While participating in a symposium on Oct. 20 that sought to discuss the establishment of Taiwanese subjective identity in light of current issues, which was organized by the Taiwan Association of University Professors Hsueh Hua-yuan (薛化元) said in an essay that: “Although some people do not want to be People’s Republic of China nationals, they still cannot face the reality that both sides of the Taiwan Strait are currently ‘one country on each side.’”
There are reasons for this kind of contradictory mindset. It is only through Taiwan-centric history, education and culture that the nation is likely to achieve “salvation” from the fundamentals. Under this situation, one can see the necessity of instigating Taiwan subjectivity-oriented educational reform.
After hearing this, I feel that most Taiwanese are confused between their “subjective sense of identity” and their “national status.” Before I sat the nation’s first female senior-high school entrance exam in Tainan in 1934, my Japanese teacher at Tainan Garden Elementary School, Mr Nakayama, told me: “You are Taiwanese, you have to study extra hard in order to pass the exam.”
As a 13-year-old girl, I did not understand what my teacher meant. Educational opportunities for Taiwanese and Japanese during the Japanese colonial era were unequal. Among the 100 students that were admitted that year, only three of them were Taiwanese. The 100 students were divided into two classes which each had a class president, vice president and deputy vice president.
Despite having attained the second-highest score in the exam, I was not appointed to be a class officer. Although I was very sad, I did not give up on myself and maintained a sense of balance. However, it always weighed heavily on my heart — why had I not been chosen? Later, I found out the answer. My national status was different to that of my Japanese classmates. Most of my classmates were Japanese with Japanese nationality, but I was Taiwanese with Japanese nationality. I was a Taiwanese under Japanese colonial rule. To be specific, I was a person without a country. Since that time — and for more than 70 years since — I have longed for a country of my own.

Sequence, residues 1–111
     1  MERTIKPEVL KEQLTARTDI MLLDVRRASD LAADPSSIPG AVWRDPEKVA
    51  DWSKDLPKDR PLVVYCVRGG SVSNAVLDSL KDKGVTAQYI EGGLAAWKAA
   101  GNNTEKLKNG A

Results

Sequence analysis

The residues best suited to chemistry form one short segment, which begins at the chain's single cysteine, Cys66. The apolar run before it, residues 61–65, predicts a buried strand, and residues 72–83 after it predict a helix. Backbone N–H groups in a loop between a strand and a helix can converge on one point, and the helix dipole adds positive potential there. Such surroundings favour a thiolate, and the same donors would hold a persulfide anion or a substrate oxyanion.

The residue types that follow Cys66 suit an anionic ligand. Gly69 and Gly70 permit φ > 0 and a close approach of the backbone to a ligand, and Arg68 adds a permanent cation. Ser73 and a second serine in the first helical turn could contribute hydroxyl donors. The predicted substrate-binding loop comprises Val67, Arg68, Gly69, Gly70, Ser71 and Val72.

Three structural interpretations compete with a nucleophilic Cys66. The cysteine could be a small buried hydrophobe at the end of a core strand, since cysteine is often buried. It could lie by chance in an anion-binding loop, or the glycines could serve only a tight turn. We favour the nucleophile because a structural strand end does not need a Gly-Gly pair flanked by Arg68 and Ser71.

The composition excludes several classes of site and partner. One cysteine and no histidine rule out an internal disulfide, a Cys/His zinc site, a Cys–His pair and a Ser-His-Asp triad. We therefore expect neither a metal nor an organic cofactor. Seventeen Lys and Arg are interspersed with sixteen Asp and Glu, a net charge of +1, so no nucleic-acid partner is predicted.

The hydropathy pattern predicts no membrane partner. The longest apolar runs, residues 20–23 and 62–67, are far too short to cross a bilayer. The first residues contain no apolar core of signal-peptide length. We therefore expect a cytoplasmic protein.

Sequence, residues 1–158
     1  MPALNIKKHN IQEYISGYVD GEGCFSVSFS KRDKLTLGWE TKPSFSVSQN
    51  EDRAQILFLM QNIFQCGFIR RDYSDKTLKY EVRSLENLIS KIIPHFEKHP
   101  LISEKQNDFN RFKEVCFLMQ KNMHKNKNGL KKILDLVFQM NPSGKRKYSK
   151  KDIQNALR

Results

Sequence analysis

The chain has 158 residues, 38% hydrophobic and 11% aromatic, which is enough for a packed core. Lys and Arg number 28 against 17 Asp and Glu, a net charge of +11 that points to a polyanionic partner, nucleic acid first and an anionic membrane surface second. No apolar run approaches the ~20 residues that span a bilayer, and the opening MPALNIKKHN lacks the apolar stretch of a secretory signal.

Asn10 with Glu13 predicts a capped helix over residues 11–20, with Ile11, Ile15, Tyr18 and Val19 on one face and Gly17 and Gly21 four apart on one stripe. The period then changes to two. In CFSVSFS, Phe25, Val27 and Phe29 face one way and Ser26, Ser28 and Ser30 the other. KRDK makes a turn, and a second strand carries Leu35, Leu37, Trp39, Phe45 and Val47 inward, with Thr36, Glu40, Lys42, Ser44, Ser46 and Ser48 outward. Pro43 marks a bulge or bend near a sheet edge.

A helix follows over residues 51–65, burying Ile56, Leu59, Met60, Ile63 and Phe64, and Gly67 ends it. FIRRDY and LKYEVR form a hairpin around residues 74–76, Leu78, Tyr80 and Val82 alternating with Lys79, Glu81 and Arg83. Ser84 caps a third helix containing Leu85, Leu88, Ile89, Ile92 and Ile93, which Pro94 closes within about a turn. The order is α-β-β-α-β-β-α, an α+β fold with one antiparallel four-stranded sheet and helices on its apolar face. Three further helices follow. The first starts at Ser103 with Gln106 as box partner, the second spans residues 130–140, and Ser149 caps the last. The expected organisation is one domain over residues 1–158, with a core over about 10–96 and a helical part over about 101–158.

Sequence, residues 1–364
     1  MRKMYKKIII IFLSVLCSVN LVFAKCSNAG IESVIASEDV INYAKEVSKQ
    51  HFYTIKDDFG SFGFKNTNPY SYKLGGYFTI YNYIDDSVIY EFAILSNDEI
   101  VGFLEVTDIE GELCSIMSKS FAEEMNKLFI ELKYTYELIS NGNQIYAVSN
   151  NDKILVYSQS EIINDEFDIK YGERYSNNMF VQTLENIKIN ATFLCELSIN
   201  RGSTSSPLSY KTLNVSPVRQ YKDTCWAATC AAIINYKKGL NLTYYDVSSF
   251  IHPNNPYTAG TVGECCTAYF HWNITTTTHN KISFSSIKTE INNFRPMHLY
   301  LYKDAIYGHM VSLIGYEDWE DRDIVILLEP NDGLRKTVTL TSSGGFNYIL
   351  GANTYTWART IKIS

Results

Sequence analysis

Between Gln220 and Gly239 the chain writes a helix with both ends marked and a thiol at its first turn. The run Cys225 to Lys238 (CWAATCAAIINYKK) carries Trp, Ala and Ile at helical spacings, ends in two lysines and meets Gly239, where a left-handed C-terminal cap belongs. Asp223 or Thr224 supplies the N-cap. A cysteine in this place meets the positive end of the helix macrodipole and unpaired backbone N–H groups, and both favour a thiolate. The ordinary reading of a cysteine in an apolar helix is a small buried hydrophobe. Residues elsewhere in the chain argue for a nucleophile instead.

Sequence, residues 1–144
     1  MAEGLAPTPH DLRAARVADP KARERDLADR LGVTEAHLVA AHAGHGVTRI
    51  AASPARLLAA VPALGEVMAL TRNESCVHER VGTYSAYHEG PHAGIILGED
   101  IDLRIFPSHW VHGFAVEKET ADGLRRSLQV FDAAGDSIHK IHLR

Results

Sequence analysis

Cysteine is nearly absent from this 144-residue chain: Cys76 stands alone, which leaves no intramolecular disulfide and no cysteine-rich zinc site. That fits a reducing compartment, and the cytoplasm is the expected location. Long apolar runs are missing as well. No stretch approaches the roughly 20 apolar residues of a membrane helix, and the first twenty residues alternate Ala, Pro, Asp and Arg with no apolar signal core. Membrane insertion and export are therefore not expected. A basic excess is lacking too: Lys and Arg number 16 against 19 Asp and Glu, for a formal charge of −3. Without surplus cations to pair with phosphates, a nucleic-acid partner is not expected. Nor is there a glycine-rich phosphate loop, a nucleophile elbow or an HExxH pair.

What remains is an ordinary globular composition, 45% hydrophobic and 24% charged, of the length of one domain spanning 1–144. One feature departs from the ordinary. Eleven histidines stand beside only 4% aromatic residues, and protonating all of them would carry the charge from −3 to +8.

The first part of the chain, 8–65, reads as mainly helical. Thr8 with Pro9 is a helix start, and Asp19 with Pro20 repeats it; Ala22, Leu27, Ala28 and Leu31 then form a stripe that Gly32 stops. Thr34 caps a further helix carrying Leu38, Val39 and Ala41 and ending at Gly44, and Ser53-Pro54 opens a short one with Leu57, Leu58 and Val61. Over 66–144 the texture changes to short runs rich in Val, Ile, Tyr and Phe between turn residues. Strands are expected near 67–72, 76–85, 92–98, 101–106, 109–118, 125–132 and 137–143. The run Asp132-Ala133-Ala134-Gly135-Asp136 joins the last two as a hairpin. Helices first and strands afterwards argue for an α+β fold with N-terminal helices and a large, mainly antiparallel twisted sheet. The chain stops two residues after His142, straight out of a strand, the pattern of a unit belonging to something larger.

When World War II ended in 1945, I was a 25-year-old with Japanese nationality. My nationality was converted to the Republic of China without my consent. According to Japanese government documents dated April 19, 1952, native Taiwanese lost their Japanese status on April 28, 1952, in compliance with the San Francisco Peace Treaty. However, according to national government instructions dated Jan. 12, 1946, the date that native Taiwanese had their nationalities “restored” to the Republic of China was backdated to Oct. 25, 1945. From this discrepancy, one can see that the national government did not follow the principles of international law to change the national identity of the Taiwanese.
In summation, “national status” is different from a “subjective sense of identity” and clarifying Taiwan’s national identity is more important than establishing subjective Taiwanese identity. Although Taiwanese took on the nationality of the government-in-exile, without a normal national identity they are still unable to stand beside other nations, which bars Taiwan from participating in bodies such as the UN and the WHO and so Taiwanese are always subjected to unfair treatment.